The translators’ challenge is to discern the meaning of the words to the original writers and audience to enable an accurate translation into English. Significant to Bible translation work is the work of textual criticism. Textual criticism is a method used to decipher the content of the original Bible manuscripts. A textual critic examines multiple manuscripts to note differences, a process used to determine the most likely and correct wording. All Bible translations depend on the work of Bible scholars. This is a key reason why believers need the guidance and work of Bible scholars.

Cross-References Arc,.
A visual depiction of the Bible cross references. Created by Chris Harrison.

This photo is a visual presentation of scripture’s interconnections. Chris Harrison created this image, “the cross-references arc,” to visually show the nearly 65,000 cross-references throughout the Bible.[1] The bar graph at the bottom represents all the chapters in the Bible, and each of the cross-references has a single arc.

2.     Scholars Guide Us in the Nuances of Biblical Interpretation

All Bible translation is an act of interpretation. Bible translations include many interpretative decisions, including word choices, and the addition of punctuation, chapter and paragraph divisions, and chapter headings. Therefore, interpretative decisions are baked into Bible translations. Let’s look at two examples:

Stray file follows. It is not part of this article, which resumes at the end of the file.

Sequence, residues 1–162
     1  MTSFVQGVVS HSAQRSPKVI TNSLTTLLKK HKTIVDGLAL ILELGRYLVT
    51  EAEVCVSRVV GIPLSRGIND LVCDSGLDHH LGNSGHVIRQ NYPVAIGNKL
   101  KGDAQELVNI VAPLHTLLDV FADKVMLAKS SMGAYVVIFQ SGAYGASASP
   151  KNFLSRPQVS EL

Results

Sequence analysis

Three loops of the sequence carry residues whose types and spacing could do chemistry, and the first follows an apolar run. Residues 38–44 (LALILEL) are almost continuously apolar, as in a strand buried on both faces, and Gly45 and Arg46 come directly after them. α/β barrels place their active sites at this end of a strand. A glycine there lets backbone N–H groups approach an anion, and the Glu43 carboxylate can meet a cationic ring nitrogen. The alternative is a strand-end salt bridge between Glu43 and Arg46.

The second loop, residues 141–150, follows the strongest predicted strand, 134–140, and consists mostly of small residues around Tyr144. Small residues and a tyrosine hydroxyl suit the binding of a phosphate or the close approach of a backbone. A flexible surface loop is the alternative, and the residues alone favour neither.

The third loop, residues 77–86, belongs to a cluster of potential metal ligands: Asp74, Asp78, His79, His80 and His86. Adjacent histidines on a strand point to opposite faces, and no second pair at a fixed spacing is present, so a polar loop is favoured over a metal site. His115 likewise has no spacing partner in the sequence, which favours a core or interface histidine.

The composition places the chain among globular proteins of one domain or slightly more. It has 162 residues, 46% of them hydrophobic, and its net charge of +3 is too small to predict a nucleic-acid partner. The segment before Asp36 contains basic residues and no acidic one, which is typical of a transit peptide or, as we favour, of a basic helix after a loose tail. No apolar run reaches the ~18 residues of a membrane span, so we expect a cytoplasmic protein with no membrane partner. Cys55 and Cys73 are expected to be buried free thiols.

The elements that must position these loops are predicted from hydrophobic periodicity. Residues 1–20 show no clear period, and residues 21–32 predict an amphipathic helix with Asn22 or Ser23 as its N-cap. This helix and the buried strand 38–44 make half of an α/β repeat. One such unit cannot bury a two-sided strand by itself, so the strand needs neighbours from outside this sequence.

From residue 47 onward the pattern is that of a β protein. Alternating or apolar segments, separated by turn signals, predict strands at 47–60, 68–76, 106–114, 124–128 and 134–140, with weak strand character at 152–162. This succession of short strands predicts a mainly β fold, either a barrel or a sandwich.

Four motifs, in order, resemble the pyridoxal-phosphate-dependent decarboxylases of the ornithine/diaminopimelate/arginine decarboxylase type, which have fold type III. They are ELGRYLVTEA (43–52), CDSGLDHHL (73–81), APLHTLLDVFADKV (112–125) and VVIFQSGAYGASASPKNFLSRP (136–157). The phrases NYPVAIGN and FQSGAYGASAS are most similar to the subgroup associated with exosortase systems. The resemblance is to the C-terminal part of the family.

The first example regards the creation of the English Standard Version (ESV) Bible. The all-male ESV editorial board created their translation to reflect a complementarian view of the relationship of men/husbands and women/wives. In essence, complementarians believe men are the leaders, and women support and submit to male leadership. This theological view contrasts with egalitarianism’s belief in shared authority between men and women. The Council for Biblical Manhood and Womanhood (CBMW) website describes the ESV as “unapologetically complementarian.”[2] The ESV translation committee brought their complementarian theology as an interpretative grid to the text. Read more about Bible translation issues here. The best practices approach to biblical interpretation looks for the context and consistency in the biblical story.

The second example is the insertion of words not found in the original text. In Greek, the indefinite pronoun tis means “someone,” “anyone,” or “a certain person” and doesn’t have a gendered form. Context is therefore essential to determine whether the proper usage is only men, only women, or both men and women. One key example is 1 Timothy 3:1: “If someone [tis] aspires to the office of overseer, he desires a good work (NET, emphasis mine).” The NET assigns a masculine pronoun to the ungendered tis. The ESV, HCSB, and NIV 1984 interpret tis as masculine and have inserted “he” into the text also.[3] Without an understanding of how the Greek language works, it would be easy for the reader to see the male pronoun and wrongly assume that this was the context of the verse to the original audience of readers.

Bible Manuscript at the National Library of Greece
Bible Manuscript, National Library of Greece